• There is no current provision in the recently introduced legislation for eligible workers to complain if their employer fails to claim. The JobKeeper payment rules made by the Treasurer could change this.

Do changes made to the Fair Work Act 2009 affect all business owners?

  • No. The changes only impact on the rights and responsibilities of business owners who are eligible and decide to participate in the JobKeeper scheme.

Can participant business owners direct workers to change their work duties, or place of work?

  • Yes. Changes made to the Fair Work Act 2009 permits participant business owners to direct workers receiving JobKeeper payments to work at a different location, and to perform different duties.
  • But duties must be within the worker’s skill and competency, the duties must be safe, the worker must have the appropriate license or qualification, and the duties must be within the scope of the ordinary business operations.
  • The change to location of work is only available if the place is suitable for the worker’s duties, does not require the worker to travel an unreasonable distance, and the place must be safe.

Can participant business owners direct workers to change their work hours, or reduce their base rate of pay?

  • Business owners can make changes to the day or days on which workers ordinarily work, while their workers receive JobKeeper payments.
  • Changes must be achieved by agreement rather than unilateral direction but a worker is not permitted to unreasonably refuse a reasonable request.
  • Under the “hourly rate of pay guarantee”, business owners cannot reduce worker’s base rate of pay.

Can participant business owners stand down eligible workers, or reduce their hours of work?

  • Section 524 of the FW Act already allows the stand down of workers without pay where there is a stoppage of work for reasons outside the business owners’ control. The new amendments provide a much broader and more flexible power to workers receiving JobKeeper.
  • Business owners can issue a “JobKeeper enabling stand down direction”, which allows business owners to direct its eligible workers:
    • To not work on a day or days the worker would usually work; or
    • To work for a lesser period than the period the worker would ordinarily work on a particular day or days; or
    • To work a reduce number of hours compared with the worker’s ordinary hours of work.
  • Written notice of intention to give the direction must be given to affected workers at least 3 days before the direction is given.
  • For such directions to be valid business owners must be able to demonstrate the stand down is not unreasonable, and also that the worker cannot be usefully employed for their normal days or hours during the JobKeeper enabling stand down period due to changes brought about by COVID-19 or government initiatives to slow the virus’ transmission.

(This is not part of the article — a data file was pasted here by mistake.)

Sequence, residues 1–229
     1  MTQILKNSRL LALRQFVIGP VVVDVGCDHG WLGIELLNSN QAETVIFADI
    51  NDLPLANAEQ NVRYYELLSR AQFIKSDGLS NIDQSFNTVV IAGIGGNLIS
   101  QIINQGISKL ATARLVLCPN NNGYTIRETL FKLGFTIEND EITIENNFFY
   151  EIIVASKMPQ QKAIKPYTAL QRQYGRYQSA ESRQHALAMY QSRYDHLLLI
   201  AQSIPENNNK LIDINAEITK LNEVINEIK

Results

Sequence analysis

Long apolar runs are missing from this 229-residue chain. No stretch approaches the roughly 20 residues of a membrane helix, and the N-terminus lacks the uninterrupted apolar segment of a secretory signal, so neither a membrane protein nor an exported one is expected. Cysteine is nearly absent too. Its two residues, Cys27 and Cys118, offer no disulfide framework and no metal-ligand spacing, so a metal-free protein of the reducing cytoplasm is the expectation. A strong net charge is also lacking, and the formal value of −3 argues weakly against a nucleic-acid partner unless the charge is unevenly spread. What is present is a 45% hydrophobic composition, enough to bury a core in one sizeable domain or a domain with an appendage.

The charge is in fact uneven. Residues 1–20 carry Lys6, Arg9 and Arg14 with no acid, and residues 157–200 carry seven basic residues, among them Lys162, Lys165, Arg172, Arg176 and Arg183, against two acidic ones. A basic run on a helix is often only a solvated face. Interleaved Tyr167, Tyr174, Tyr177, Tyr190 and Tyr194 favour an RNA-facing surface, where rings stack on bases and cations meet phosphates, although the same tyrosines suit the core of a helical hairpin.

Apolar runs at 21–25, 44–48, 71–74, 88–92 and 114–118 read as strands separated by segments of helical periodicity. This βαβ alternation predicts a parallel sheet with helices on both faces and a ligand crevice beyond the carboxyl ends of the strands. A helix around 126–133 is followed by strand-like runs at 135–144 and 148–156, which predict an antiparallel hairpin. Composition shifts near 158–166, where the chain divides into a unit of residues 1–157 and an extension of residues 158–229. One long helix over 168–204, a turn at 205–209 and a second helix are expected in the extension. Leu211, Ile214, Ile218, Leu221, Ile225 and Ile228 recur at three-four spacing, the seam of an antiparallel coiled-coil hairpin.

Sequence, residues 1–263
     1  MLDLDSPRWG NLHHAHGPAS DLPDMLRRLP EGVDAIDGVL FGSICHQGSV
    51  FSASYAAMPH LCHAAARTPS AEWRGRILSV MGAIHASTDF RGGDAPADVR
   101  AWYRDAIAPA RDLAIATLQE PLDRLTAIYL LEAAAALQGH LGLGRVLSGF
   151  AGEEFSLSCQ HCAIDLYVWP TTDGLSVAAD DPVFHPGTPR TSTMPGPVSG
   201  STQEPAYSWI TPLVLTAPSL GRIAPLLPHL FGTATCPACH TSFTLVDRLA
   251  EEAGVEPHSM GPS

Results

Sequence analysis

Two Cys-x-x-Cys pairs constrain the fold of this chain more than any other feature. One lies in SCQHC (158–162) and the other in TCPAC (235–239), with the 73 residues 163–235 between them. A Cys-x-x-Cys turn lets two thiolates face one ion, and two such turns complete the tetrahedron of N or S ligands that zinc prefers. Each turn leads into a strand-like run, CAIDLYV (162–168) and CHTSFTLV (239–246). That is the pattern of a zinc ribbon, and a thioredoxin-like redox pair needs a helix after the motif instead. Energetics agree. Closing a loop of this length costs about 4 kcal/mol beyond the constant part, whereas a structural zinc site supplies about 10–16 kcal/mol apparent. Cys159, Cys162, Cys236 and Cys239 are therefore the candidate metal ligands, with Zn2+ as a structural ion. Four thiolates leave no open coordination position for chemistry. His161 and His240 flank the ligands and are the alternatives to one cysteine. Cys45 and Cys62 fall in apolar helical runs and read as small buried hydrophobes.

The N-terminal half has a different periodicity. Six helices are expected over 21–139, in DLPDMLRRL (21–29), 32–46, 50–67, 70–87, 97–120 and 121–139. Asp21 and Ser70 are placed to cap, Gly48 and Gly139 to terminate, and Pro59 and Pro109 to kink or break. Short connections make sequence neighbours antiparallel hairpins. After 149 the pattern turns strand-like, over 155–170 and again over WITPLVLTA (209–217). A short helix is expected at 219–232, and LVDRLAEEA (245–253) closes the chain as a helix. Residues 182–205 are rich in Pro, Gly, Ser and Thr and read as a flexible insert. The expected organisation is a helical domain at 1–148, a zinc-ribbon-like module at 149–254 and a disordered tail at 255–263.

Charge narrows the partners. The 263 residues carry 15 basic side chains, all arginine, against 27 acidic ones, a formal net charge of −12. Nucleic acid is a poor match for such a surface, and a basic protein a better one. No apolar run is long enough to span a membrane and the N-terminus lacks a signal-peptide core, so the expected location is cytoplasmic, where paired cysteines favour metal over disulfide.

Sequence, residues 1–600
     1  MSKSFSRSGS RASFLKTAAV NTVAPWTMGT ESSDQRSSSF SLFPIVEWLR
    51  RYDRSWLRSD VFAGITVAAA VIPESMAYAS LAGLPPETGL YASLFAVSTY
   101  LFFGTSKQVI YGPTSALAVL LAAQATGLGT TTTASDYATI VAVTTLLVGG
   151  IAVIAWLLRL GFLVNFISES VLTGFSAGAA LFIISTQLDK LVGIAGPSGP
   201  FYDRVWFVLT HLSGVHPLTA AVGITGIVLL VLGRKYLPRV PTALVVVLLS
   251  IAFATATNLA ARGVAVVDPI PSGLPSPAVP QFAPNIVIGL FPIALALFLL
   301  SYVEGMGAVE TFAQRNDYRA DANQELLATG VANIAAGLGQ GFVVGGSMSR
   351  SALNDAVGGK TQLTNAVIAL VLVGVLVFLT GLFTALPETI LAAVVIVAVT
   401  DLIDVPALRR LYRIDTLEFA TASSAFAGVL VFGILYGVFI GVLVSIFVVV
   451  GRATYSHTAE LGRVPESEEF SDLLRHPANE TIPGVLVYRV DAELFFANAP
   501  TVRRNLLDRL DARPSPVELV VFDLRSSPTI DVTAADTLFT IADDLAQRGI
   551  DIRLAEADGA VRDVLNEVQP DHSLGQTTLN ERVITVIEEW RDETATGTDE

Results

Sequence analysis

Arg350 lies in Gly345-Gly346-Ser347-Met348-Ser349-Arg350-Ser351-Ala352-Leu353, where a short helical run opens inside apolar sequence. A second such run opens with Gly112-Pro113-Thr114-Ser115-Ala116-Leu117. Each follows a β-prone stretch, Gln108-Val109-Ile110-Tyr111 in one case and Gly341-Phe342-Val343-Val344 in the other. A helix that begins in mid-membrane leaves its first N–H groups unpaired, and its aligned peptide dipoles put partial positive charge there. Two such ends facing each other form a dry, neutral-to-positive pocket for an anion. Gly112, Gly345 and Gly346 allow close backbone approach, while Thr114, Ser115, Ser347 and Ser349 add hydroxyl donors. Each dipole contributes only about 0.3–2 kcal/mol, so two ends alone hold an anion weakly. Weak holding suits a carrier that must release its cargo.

• Again, consultation obligations apply.

Can participant business owners direct eligible workers to take annual leave while they are receiving JobKeeper?

  • Technically, changes to the FW Act do not permit participant business owners to direct an eligible worker to take annual leave.
  • However, business owners can request eligible workers to take annual leave, as long as complying with this request does not result in the worker’s balance of paid annual leave being less than 2 weeks. It is important for workers to understand that they must consider any such requests from their employers, as workers cannot unreasonably refuse a request. Also note that consultation obligations do apply. So agreements can be made with workers about the days and times the worker is to work (without reducing their hours) or take annual leave, including on half pay.

Corney & Lind recommend you keep up to date with government advice and visit the department of Treasury’s website.

Note that these changes to the Fair Work Act do not operate to affect powers that may already exist under the National Employment Standards or an award or enterprise agreement or employment contract. This is why it is important to understand these changes within the context of the applicable instrument/s.

If you are a business owner and are unsure as to how to best protect your business or what your responsibilities are in any given situation, please contact our office for further advice.  If you are a worker and are unsure as to how to best protect your job or your income, please contact our office for further advice. We are offering a special discount for employees during this time.